“This order involves a television program that the majority admits ‘contains references of a sexual nature that were broadcast at a time of day when children were likely to be in the audience,’ ” he wrote in that opinion. “Yet the majority concludes that the program, in which a prostitute is hired to sexually arouse a horse by removing her blouse and to ‘extract’ semen from the horse, is not indecent because the prostitute is ‘never seen actually touching’ the horse. Despite my colleagues’ assurance that there appeared to be a safe distance between the prostitute and the horse, I remain uncomfortable. I respectfully dissent.”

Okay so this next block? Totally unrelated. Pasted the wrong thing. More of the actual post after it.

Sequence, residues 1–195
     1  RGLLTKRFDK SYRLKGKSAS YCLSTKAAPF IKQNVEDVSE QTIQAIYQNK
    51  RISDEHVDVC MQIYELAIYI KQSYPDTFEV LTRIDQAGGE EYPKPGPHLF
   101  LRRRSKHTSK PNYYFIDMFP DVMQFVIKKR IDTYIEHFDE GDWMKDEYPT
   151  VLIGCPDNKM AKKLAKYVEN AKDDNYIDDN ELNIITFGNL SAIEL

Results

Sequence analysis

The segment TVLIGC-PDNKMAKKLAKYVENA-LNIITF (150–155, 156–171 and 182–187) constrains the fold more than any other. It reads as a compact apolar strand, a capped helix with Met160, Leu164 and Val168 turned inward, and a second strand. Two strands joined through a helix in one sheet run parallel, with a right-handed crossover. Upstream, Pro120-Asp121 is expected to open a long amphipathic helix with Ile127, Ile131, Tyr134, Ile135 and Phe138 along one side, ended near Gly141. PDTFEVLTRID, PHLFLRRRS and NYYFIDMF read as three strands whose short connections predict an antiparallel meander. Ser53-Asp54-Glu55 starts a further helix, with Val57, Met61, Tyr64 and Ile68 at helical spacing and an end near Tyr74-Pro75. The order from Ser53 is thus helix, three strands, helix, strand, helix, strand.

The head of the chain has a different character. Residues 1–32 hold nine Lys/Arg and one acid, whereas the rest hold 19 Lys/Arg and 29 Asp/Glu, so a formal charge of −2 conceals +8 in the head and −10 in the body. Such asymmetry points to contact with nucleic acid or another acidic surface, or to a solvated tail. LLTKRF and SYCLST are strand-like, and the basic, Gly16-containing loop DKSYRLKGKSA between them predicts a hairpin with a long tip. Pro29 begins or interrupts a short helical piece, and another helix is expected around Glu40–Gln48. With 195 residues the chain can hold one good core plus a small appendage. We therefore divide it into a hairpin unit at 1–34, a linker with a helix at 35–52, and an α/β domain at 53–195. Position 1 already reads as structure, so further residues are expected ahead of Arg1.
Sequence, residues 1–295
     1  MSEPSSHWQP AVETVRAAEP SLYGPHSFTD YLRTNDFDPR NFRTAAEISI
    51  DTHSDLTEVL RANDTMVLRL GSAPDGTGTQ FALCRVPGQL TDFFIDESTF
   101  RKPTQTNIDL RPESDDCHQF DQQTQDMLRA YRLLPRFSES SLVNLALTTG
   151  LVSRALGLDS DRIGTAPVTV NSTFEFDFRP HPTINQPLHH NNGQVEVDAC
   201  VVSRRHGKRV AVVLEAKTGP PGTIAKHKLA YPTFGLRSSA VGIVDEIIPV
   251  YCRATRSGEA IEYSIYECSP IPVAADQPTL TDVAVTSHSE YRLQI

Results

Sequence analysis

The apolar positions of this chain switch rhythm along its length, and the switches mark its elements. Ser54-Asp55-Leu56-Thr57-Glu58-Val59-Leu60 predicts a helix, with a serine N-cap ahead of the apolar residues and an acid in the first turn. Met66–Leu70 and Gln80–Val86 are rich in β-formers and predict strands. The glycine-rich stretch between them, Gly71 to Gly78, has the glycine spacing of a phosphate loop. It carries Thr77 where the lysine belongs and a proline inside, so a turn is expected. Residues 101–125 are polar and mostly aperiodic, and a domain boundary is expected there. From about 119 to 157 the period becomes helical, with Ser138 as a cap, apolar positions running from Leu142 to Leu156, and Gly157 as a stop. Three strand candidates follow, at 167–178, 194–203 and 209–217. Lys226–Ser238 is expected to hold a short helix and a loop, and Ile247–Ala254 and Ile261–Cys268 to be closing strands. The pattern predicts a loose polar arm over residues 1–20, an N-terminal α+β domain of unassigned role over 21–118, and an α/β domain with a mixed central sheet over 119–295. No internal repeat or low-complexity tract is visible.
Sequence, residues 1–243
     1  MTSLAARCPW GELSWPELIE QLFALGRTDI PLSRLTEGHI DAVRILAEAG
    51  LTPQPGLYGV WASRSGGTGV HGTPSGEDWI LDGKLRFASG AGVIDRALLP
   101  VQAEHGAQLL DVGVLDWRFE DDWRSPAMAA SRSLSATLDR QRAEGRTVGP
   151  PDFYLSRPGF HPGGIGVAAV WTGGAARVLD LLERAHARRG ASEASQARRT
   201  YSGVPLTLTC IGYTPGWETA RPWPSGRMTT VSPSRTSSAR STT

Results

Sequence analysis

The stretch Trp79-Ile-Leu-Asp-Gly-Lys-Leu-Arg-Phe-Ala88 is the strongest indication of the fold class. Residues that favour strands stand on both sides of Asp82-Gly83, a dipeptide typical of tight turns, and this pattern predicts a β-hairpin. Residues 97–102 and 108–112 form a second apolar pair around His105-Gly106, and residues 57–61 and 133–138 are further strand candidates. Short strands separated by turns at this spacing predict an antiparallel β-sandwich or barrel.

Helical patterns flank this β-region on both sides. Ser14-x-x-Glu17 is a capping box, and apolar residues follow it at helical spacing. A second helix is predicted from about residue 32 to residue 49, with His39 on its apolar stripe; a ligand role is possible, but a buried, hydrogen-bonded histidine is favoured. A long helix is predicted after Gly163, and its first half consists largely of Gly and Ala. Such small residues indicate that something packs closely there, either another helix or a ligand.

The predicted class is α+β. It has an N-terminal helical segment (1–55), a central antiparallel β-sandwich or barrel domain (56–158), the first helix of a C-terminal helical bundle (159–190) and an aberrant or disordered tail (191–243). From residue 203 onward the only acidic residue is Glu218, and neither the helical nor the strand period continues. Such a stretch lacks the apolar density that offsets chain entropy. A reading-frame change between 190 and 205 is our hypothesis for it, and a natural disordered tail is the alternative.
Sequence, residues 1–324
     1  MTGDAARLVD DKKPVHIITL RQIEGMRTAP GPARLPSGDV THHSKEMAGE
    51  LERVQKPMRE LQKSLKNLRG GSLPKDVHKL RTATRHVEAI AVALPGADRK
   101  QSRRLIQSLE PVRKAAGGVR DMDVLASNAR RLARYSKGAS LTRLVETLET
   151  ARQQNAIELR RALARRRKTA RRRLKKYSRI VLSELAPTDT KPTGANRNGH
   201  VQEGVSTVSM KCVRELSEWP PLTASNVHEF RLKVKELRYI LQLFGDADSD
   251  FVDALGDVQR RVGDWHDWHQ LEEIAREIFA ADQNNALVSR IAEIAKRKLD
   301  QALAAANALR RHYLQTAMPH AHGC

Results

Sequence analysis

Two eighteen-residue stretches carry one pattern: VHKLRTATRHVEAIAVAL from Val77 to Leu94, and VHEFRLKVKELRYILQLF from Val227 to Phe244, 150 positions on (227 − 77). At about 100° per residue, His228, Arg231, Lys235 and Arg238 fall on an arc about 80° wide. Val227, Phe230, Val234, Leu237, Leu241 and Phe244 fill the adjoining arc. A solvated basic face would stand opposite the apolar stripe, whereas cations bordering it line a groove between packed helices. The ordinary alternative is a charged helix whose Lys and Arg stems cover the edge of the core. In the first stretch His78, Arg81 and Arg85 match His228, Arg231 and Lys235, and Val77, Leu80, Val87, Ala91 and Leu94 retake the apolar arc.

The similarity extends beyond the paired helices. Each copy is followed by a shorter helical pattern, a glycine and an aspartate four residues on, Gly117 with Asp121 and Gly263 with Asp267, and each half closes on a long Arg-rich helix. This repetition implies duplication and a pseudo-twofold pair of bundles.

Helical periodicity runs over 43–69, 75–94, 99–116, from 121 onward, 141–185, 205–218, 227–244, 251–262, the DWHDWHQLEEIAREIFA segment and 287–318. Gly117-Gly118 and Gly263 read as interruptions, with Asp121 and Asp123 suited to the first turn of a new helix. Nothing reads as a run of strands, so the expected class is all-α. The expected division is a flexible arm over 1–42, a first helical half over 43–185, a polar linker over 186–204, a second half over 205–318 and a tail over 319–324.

Update: For anyone interested in a more serious take on problems with spectrum regulation, read this article.
A Public Safety Wireless Advisory Committee was formed in Washington, and it had one key recommendation: “Public safety agencies will not be able to adequately discharge their obligations to protect life and property” if they don’t get more frequencies within five years. The report was released on September 11, 1996.
And we all know what happened exactly five years later, when public safety agencies still did not have sufficient spectrum for their emergency radio communications network.